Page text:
- Category: National News
- Written by Deogratias Mmana
Chipiliro Mpinganjira, son to Malawi’s veteran politician Brown Mpinganjira, is doubling as a politician and civil servant, contrary to Section 193 of the country’s Constitution on the independence of the civil service.
Mpinganjira is second deputy legal director in the ruling People’s Party (PP), a position he was elected into at the party’s convention last year whereas in the civil service, he is principal assistant Administrator General based in Malawi’s commercial city, Blantyre.
PP administrative secretary the Reverend Peter Kaleso confirmed on Thursday that Mpinganjira still holds the party position as he has not resigned.
“I did not get his letter. Maybe he cleared himself with other quarters, but not through us. Our policy is clear that if a member is elected into the national executive committee and they get a job in the civil service, they are asked to resign from the party. If he appears at the next meeting, he will be told to quit,” said Kaleso.
An officer at the Administrator General also confirmed on Tuesday that Mpinganjira is still a public servant.
“He has been with us for some years now,” the officer said on Tuesday.
In an interview on Thursday, Mpinganjira said he tendered his resignation from the civil service to concentrate on politics, but it was rejected. He could not tell when exactly he tendered the resignation. He only said “some time last year”.
Mpinganjira said after his resignation was rejected, he maintained his job, but quit from the party.
“I am purely a civil servant,” he said.
Malawi’s Attorney General Anthony Kamanga said on Thursday that the law is clear that civil servants are not supposed to engage in partisan politics.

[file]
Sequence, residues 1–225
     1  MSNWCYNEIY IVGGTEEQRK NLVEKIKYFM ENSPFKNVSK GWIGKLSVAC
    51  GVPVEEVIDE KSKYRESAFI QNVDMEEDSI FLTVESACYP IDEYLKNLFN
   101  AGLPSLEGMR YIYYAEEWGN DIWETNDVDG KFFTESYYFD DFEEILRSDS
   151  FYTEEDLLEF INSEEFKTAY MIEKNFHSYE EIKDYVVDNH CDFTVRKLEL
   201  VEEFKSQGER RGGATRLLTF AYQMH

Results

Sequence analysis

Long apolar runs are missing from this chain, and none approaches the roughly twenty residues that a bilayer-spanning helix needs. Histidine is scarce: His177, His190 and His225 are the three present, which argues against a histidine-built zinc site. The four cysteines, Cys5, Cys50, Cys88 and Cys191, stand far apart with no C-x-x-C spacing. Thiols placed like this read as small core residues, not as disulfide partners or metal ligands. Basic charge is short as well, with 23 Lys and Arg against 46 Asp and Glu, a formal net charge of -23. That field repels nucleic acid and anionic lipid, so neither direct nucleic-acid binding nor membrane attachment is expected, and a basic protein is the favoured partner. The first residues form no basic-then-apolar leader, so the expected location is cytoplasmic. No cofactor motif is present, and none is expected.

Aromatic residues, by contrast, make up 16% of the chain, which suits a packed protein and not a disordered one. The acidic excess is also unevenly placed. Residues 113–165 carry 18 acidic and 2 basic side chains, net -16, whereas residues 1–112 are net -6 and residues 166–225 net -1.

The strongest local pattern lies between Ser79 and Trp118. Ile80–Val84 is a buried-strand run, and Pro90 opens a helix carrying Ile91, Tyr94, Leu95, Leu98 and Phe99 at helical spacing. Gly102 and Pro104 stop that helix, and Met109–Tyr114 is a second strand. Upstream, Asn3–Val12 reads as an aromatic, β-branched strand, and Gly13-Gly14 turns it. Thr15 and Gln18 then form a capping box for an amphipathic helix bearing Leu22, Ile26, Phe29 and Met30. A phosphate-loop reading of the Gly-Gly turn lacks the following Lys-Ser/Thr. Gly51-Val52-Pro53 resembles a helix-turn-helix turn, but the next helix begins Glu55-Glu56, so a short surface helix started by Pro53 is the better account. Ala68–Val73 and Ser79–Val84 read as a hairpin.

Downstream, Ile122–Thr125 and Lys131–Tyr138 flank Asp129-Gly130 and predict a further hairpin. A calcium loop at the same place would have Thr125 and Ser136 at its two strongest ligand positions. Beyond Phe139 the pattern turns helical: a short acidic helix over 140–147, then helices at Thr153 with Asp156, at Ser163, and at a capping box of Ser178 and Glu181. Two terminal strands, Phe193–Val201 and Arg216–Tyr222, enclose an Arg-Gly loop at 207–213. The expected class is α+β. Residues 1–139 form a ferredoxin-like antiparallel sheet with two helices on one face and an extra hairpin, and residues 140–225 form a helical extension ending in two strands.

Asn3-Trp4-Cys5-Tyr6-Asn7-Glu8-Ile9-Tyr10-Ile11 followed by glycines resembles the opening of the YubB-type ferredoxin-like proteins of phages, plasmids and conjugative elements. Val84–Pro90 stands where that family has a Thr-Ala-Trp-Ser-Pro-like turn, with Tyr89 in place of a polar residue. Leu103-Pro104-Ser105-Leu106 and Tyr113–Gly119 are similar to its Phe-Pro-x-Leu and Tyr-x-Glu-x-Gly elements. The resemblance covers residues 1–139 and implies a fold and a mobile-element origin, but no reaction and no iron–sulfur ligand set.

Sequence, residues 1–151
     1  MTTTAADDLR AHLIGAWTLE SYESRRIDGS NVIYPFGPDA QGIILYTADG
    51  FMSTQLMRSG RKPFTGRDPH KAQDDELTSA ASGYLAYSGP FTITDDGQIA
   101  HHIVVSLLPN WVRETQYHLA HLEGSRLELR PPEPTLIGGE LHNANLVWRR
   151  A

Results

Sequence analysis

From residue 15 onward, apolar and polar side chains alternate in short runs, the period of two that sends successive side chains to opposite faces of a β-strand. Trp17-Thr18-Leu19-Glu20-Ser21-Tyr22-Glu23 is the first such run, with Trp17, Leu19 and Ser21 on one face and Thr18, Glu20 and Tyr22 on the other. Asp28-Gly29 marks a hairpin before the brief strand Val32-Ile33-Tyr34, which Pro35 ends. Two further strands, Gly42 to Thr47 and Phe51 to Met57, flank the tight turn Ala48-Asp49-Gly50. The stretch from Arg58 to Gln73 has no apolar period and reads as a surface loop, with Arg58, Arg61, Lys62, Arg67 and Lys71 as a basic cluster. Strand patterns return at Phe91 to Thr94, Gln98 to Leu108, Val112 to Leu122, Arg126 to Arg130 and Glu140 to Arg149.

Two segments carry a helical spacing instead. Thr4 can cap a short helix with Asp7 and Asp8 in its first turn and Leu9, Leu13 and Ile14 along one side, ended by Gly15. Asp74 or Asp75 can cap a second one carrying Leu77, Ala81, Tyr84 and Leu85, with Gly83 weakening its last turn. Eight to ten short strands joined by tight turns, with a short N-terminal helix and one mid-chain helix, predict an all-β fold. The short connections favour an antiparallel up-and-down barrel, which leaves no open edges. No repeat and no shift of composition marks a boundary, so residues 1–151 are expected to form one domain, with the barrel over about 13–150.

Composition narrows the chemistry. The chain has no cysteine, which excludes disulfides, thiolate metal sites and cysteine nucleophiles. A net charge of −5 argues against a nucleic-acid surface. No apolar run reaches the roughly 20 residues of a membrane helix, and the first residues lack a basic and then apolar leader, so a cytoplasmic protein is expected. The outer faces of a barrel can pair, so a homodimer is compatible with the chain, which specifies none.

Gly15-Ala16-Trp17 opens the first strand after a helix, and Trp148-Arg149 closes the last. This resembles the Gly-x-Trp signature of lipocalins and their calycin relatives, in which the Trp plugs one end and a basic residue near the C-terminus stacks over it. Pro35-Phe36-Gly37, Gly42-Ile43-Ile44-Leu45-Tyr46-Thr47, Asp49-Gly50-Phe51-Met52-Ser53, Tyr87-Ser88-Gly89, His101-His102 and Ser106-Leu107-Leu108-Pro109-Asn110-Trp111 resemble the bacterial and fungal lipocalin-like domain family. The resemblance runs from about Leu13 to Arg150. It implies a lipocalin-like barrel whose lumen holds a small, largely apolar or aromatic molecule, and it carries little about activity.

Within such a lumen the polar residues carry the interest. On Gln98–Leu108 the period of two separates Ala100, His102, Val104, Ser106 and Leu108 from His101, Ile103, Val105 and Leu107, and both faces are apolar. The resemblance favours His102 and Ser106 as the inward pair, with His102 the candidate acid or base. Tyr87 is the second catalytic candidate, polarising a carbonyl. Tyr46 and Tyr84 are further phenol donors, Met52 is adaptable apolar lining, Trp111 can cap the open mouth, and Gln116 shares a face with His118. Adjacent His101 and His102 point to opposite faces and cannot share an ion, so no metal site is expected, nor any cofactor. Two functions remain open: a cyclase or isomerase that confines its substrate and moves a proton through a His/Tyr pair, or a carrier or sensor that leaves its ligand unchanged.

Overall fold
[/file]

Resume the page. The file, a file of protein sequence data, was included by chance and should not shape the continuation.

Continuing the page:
He said where a civil servant wants to join politics, he should resign from the civil service.
Kamanga said it was up to the Department of Human Resource to take up the matter.
Associate law Professor Edge Kanyongolo said civil servants are not supposed to take part in partisan politics.
He said in an interview on Tuesday: “In principle, it is undesirable for civil servants to take an active part in partisan politics because this is likely to compromise the neutrality of the government.
“However, the Constitution of Malawi permits civil servants to participate in political activities as long as such participation does not compromise their role as impartial servants of the general public.”
Reads Section 193 of the Constitution in part: “Members of the Civil Service shall ensure that the exercise of participation in political activities does not compromise their independent exercise of their functions, powers and duties as impartial servants of the general public. The National Assembly may prescribe a category of civil servants, who by reason of their seniority shall not be able to directly participate in political activities provided that the civil servants so restricted shall have the right to resign in order to participate directly in political activities.”
The law further says no government or political party shall cause any civil servant acting in that behalf to exercise functions, powers or duties for the purposes of promoting or undermining the interest or affairs of any political party or individual member of that party, nor shall any civil servant acting in that behalf promote or undermine any political party or member of that party, save as is consistent with the provisions in the section.